1735 ENGLISH POETRY 1579-1830: SPENSER AND THE TRADITION

Rev. Samuel Wesley the Younger

Alexander Pope to Samuel Wesley, 21 October 1735; Works of Pope, ed. Elwin and Courthope (1871-1889) 10:246.



TWITENHAM, Oct. 21 [1735].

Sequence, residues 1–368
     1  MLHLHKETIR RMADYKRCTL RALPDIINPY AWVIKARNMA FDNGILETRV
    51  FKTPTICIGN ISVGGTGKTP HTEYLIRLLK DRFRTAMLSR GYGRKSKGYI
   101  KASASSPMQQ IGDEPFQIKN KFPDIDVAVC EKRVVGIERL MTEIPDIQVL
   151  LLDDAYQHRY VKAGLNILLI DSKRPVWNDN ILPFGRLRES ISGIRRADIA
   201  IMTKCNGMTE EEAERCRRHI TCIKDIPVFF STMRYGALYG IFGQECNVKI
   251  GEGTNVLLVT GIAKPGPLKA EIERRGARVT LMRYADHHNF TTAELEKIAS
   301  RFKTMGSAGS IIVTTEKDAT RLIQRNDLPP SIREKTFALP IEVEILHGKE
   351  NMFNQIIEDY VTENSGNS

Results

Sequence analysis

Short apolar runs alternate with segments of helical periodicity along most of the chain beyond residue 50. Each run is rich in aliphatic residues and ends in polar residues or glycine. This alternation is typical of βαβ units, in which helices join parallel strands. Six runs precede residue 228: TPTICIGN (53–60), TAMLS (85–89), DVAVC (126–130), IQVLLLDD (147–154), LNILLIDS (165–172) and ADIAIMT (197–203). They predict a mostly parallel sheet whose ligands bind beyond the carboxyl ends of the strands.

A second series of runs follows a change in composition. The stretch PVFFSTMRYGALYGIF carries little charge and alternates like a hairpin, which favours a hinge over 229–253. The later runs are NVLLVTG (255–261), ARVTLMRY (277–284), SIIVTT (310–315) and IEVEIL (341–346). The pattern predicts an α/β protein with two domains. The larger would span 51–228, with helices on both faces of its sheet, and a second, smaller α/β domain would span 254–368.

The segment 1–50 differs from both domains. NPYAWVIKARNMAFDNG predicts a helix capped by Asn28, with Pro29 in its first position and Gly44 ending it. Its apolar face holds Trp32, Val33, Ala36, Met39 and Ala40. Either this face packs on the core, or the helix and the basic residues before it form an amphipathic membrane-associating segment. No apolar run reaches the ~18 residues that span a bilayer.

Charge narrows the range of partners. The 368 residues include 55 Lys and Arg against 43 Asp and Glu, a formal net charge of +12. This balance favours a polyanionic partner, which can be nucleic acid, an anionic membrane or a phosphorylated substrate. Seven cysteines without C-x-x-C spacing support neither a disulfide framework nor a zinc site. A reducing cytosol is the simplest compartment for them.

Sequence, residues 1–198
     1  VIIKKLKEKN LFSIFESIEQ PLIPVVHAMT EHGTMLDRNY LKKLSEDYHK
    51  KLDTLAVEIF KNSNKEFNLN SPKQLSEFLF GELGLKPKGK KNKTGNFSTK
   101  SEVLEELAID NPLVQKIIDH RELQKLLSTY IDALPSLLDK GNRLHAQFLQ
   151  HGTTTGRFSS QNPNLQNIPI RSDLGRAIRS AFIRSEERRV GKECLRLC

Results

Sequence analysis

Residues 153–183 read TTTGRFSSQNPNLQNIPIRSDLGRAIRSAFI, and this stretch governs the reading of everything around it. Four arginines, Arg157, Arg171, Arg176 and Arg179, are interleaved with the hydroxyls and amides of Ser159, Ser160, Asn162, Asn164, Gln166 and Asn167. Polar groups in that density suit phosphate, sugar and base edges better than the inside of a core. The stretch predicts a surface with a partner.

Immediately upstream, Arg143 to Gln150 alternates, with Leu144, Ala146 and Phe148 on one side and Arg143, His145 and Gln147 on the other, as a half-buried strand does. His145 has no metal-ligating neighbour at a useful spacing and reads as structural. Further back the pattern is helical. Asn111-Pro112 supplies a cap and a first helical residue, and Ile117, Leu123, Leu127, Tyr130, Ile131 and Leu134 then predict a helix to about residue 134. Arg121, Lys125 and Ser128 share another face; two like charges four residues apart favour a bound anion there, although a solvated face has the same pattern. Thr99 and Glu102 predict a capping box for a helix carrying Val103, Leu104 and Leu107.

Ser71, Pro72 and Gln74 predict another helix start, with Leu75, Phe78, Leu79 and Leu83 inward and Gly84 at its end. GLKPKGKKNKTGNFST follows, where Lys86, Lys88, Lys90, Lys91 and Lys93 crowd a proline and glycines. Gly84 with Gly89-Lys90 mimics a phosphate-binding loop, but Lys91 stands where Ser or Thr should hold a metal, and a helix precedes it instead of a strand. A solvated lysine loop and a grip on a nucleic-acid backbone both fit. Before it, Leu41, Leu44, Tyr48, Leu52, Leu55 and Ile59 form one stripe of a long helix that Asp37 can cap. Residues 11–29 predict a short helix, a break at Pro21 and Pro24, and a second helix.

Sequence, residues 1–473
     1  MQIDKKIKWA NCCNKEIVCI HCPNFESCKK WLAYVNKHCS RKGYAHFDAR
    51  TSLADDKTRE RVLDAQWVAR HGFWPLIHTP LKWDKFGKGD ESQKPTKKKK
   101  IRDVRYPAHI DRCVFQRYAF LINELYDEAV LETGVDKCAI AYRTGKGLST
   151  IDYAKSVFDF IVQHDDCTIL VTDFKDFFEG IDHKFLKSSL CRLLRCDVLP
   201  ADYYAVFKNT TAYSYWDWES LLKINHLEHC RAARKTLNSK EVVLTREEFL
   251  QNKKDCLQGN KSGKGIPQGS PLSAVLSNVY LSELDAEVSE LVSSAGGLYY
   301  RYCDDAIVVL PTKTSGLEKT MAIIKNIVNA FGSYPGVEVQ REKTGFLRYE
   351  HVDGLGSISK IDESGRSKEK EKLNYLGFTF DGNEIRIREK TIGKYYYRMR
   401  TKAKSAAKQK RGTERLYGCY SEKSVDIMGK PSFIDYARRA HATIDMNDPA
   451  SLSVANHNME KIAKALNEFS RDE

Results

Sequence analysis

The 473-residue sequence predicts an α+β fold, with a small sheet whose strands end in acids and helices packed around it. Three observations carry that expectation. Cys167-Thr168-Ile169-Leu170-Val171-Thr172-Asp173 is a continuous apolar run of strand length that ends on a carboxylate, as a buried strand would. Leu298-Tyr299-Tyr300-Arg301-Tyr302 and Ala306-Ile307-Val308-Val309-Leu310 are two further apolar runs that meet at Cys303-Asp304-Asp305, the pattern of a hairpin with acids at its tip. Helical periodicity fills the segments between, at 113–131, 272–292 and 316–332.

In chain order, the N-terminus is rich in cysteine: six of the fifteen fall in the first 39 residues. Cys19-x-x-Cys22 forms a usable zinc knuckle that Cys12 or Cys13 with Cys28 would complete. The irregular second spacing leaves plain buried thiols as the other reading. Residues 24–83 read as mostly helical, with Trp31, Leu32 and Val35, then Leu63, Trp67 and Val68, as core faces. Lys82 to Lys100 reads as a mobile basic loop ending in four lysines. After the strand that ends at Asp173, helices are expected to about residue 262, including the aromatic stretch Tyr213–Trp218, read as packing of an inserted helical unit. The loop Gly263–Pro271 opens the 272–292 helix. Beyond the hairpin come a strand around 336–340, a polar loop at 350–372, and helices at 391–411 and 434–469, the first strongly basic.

DEAR SIR, — You letter had not been so long unanswered, but that I was not returned from a journey of some weeks when it arrived at this place. You may depend upon the money for the Earl of Peterborow, Mr. Bethel, Dr. Swift and Mr. Eckershall, which I will pay beforehand, to any one you shall direct; and I think you may set down Dr. Delany, whom I will write to. I desired my Lord Oxford, some months since to tell you this: it was just now upon my going to take a last leave of Lord Peterborow, in so much hurry that I had not time to write; and my Lord Oxford undertook to tell it you from me. I agree with you in the opinion of Savage's strange performance [The Progress of a Divine], which does not deserve the benefit of clergy. Mrs. Wesley has my sincere thanks for her good wishes in favour of this wretched tabernacle my body; the soul is so unhappy to inhabit it deserves her regard something better, because it really harbours much goodwill for her husband and herself, no man being more truly, dear sir, your affection and faithful servant.